Head and neck cancer is the only type of cancer that is over 99% preventable. That alone is an amazing statistic, out of 1000 people diagnosed with head and neck cancer, 998 either were heavy drinkers or used some sort of nicotine product to excess. PRETTY SCARY! True as this data supplied by the American Cancer Society is, our younger generation still continues to do both of these to excess starting at a very young age. Additional data points out that almost all (92%) of our youngsters who do not try smoking before they reach 18 will never smoke. Now it makes sense when we see the advertising gimmicks that are used to tell our youngsters that it is cool to smoke, there are big bucks involved.
It is not my intention to be an anti tobacco or an alcohol martyr but rather talk to the children and tell it like it is. I must do many things differently; the main thing is speaking. I speak of simple things like a shower, sneezing, coughing, a whistle and many other things I have had to learn to do differently.
If you feel my message is important enough to allow me to speak I will be forever grateful. I made myself a promise when I woke up after my surgery with a hole in my throat, tubes in my nose and no voice. I would make an effort to educate others about my stupidity for so many years. I normally talk for about an hour and then field an enormous number of questions. I find the children are very withdrawn at first and then they want to know everything about the subjects I mentioned. I also have found that a small group works better, about 30 or so but I have talked to an auditorium full. I find that when I can get in the middle of the group they tend to open up and feel more at ease. I hope to get a response from you in the very near future.
Ronald V. Gillette
A Cancer Survivor of the Larynx and Vocal Chords
PS: If I speak in a classroom I do not need any type of amplifier. If I speak to a very large group I can not project enough volume to be heard without a sound system.
IF YOU DON’T SMOKE, DON’T START! IF YOU SMOKE, QUIT!
The following is an excerpt from a National Publication written by the CDC (Center for Disease Control). I have quoted it for your information.
What are they? They are the deadly killers found in narcotics (illegal drugs), alcohol and tobacco products. Tobacco use is the single leading preventable cause of death in the United States, accounting for approximately 430,000 deaths each year. The prevalence of cigarette smoking nationwide among middle and high school students increased during the 1990s, peaking in 1996/1997, then began a gradual decline. Approximately 80% of tobacco users initiate use before the age of 18 years. If the trend of early initiation of use continues, approximately 5 million children aged <18 who are living today will die prematurely as adults because they began using tobacco during adolescence. The economic liability associated with tobacco use ranges from $50 billion to $73 billion per year in medical expenses alone. Because of these health and economic consequences, CDC has recommended that states establish and maintain comprehensive tobacco control programs to reduce tobacco use among our youth.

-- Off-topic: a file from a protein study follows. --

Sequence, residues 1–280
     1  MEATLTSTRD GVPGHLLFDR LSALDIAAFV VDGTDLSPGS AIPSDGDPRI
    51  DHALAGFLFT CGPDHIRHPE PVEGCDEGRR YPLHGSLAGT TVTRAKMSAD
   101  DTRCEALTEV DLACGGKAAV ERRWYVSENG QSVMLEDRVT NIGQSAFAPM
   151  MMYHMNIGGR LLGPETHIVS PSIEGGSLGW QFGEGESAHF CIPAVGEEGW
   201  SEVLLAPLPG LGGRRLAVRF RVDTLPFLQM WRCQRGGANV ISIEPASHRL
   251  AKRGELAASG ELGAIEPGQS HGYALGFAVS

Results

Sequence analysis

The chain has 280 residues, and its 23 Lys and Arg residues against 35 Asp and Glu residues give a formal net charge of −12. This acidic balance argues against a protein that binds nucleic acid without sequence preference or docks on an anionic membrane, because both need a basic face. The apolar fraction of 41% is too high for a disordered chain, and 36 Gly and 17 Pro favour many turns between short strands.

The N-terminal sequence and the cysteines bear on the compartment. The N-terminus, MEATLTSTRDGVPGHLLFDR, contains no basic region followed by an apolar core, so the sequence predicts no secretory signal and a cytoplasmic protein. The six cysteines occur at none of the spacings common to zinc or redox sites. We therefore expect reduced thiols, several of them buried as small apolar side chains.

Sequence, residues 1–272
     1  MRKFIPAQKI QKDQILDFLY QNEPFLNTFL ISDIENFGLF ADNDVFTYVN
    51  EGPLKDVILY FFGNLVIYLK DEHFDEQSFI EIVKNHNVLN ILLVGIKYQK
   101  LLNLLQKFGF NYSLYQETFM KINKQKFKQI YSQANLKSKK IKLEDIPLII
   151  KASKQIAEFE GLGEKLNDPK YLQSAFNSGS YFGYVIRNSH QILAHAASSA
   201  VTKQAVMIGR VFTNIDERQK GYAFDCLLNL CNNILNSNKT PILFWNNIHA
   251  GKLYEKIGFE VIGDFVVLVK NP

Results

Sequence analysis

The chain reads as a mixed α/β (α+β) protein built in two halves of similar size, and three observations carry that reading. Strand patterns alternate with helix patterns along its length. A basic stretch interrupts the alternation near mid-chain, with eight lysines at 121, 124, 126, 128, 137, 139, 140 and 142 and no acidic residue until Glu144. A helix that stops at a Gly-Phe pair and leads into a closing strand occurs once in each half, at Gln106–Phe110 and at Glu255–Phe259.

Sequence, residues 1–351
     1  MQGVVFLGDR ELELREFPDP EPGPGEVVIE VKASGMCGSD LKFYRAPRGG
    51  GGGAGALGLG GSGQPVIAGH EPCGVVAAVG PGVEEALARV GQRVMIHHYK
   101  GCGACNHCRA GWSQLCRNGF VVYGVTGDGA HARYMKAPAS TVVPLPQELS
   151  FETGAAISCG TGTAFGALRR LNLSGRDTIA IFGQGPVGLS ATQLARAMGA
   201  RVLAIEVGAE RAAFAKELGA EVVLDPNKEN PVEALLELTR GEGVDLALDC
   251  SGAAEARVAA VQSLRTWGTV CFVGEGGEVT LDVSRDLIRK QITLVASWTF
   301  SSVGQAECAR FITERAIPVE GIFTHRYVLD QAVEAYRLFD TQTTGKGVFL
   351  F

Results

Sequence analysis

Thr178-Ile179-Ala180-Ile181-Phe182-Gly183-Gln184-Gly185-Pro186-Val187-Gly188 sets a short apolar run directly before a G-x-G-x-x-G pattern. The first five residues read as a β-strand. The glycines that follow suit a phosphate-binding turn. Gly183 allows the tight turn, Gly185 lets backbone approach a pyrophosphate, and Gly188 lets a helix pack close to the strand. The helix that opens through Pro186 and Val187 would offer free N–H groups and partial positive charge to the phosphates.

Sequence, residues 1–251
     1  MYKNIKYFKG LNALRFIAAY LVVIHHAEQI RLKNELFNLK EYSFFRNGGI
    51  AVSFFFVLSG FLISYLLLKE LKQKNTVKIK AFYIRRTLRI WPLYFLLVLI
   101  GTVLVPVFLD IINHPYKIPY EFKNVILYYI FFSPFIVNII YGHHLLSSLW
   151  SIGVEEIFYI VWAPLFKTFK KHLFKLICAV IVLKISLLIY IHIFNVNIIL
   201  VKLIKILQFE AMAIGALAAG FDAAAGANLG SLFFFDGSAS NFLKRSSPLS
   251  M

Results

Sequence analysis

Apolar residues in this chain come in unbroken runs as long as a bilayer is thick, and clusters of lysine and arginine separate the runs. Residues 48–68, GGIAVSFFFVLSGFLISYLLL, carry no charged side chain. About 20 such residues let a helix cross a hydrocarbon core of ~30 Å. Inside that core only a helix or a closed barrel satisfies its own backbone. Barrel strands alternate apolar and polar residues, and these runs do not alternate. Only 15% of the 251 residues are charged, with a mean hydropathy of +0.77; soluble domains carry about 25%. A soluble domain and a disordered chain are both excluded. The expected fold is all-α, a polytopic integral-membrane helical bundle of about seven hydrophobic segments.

FEMALE BLADDER CANCER
If you are a female smoker or you know one who does, please read this and think about the data it contains. This is a re-print from the Journal of the National Cancer Institute, Vol. 93, No 7, pp 538-545, April 11, 2001.
“Among men and women who smoke a comparable number of cigarettes daily, the female smokers have a significantly higher risk of bladder cancer than the male smokers, according to the results of a study recently published in the Journal of the National Cancer Institute. Bladder cancer is a common cancer, with 55,000 new cases diagnosed in the United States each year. Unfortunately, most bladder cancers are not diagnosed until the cancer has reached the advanced stage and it is extremely difficult to treat or cure.
There are currently no effective screening procedures for detecting bladder cancer early before symptoms are present; therefore, it is critical that researchers continue to investigate any factors that may lead to the development of this disease in order to help prevent its occurrence. Smoking has long been linked to bladder cancer, but few studies have investigated the differences in risks between genders. Researchers recently conducted a population-based, case-control study in Los Angeles, California. The study involved 1,514 patients with bladder cancer and 1,514 individually matched control subjects.
The researchers performed interviews in order to gather information regarding tobacco use. In addition, the subjects provided blood samples so that researchers could measure levels of 3- and 4- aminobiphenyl(ABP)-hemoglobin adducts, a marker of arylamine exposure.
Arylamines are found in cigarette smoke and are believed to be a strong factor in smoking induced bladder cancer. As in several previous studies, the results indicated that smokers are 2.5 times more likely to develop bladder cancer than non-smokers. Furthermore, the results of this study indicated that female smokers are at a significantly increased risk for bladder cancer when compared to male smokers. In addition, when comparable numbers of cigarettes were smoked, female smokers had higher levels of ABP-hemoglobin adducts than male smokers. This is a significant observation because ABPs may play a major role in the development of smoking induced bladder cancer.
More research is needed to further define the relationship between
smoking and bladder cancer; however, the results of this study indicate
that women who smoke or have smoked may wish to undergo more frequent
screening or stop smoking. Women concerned with screening for this
disease or who may be interested in smoking cessation programs are urged
to consult with their physicians for more information.”
Jim Kelly wrote a thorough set of answers to his grandson’s questions about smoking,which he asked for a school project. It is available to you for your use in YOUR fight against smoking. Jim’s letter (.doc format).